PunterNet thanks Harriet for massive upswing
No Harman done there
Prostitutes worldwide were this weekend congratulating Women’s Minister Harriet Harman on a job well done – as remarks she made to last week’s Labour Conference have dramatically increased business for sex workers using online site PunterNet.
Critics claim this is not the first time that gung-ho initiatives by the Women’s Minister have had the opposite effect to that intended.
In the course of her speech on 30 September, Ms Harman informed delegates of "a very sinister development which we are determined to stop".
She then explained: "There is now a website... where pimps put women on sale for sex and then men who’ve had sex with them put their comments online. It is 'PunterNet' and fuels the demand for prostitutes. It is truly degrading and puts women at risk."
She went on to observe that the site included the details of many UK-based women and that she had asked the Governor of California, where punternet is based, to "terminate" all this depravity or else, she added – in predictable sound-bite mode – "I’ll be back".
Like many similar pronouncements on sex work, Ms Harman’s views seem to be based more on thinly veiled distaste and a desire to do all she can to stick an oar in – irrespective of the consequences for the women (and men) involved in it – than any informed response to the issues.
The implication that this site is new is factually incorrect, not least because PunterNet itself claims to be now in its tenth year of operation.
Far more serious is the suggestion that it facilitates pimping when, in fact, it tends to do the exact opposite. As a detailed deconstruction of the site by leading political blogger Alix Mortimer argues: "In short, though it’s not immediately obvious how this site makes the lives of prostitutes as a whole any better, it’s certainly not obvious how it makes them worse, and it may even make the odd life here or there quite dramatically better if and when the police do have occasion to intervene on the basis of information they read there.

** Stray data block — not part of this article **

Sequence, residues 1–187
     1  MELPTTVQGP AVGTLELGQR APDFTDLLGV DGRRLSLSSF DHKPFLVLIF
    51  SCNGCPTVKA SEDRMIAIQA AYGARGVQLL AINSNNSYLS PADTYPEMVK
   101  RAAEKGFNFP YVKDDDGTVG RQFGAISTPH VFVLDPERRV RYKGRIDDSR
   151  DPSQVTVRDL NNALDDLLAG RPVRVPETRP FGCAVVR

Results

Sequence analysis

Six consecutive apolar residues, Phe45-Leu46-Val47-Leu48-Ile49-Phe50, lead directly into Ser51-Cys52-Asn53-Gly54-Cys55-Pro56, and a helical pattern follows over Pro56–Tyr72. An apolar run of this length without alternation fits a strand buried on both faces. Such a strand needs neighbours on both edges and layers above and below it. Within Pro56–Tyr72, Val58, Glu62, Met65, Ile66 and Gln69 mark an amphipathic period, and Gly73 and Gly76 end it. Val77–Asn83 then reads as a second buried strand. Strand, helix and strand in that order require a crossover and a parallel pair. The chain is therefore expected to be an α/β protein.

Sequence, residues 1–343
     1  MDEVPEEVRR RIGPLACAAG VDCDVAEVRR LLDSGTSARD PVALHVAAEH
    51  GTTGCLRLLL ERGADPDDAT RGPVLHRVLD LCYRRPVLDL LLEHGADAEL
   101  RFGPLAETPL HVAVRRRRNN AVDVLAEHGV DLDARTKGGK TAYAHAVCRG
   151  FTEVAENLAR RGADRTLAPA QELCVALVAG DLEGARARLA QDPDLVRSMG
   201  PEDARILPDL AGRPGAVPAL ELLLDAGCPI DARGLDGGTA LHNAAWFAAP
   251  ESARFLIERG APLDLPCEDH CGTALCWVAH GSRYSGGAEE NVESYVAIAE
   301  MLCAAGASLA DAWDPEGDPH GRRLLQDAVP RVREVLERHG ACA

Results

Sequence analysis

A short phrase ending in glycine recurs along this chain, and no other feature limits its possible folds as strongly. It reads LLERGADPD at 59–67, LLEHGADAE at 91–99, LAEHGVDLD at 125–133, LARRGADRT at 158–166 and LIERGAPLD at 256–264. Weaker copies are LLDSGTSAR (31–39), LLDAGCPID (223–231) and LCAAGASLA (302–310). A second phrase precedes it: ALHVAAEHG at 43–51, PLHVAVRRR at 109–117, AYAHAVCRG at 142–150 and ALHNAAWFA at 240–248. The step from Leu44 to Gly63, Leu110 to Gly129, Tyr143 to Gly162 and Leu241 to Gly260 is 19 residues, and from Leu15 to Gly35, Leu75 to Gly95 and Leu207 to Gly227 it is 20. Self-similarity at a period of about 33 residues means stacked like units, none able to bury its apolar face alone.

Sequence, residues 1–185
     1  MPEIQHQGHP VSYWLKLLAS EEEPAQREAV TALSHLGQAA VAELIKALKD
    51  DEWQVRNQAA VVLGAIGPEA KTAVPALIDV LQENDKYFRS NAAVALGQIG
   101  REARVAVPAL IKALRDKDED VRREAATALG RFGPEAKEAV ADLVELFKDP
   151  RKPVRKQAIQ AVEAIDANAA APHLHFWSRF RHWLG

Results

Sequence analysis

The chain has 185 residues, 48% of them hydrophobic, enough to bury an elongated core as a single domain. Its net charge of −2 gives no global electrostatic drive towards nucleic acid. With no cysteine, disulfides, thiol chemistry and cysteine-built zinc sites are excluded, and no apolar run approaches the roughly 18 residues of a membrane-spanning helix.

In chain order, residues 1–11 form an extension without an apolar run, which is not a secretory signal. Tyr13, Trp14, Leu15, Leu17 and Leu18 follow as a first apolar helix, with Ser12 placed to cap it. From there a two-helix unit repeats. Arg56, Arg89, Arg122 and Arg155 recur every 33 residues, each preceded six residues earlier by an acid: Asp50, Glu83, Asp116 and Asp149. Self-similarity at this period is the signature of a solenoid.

"This being the case, since no harm is being done and possibly a small amount of good may be being done, Harman’s posturing completely and comprehensively fails the liberal test."
This closely matches the views of organisations that represent sex workers: that any technology that allows prostitutes to control their own direct access to clients tends to reduce abuses, while abolishing such channels of communication has the opposite effect.
Thus, Catherine Stephens, an activist with the International Union of Sex Workers (IUSW), was scathing of Ms Harman’s campaign against home-based sex workers using small ads in local newspapers to find clients, since one effect of this measure was to push those women with little technological nous – and therefore unable to move their businesses online - into the arms of agencies and managers. Less self-determination; more potential for abuse.
Similar criticisms have been levelled at other government initiatives in respect to sex work, including measures in the current Policing Bill to attack demand for prostitution by introducing draconian new laws targeting clients, leading Ms Stephens to conclude: "Talk to us, not at us."
As one individual posted to a discussion of Ms Harman's remarks on PunterNet itself: "The bit HH seems to be missing, is that sites like PunterNet ENABLE women who want to advertise the selling of sexual services independently, WITHOUT the need for a pimp". ®
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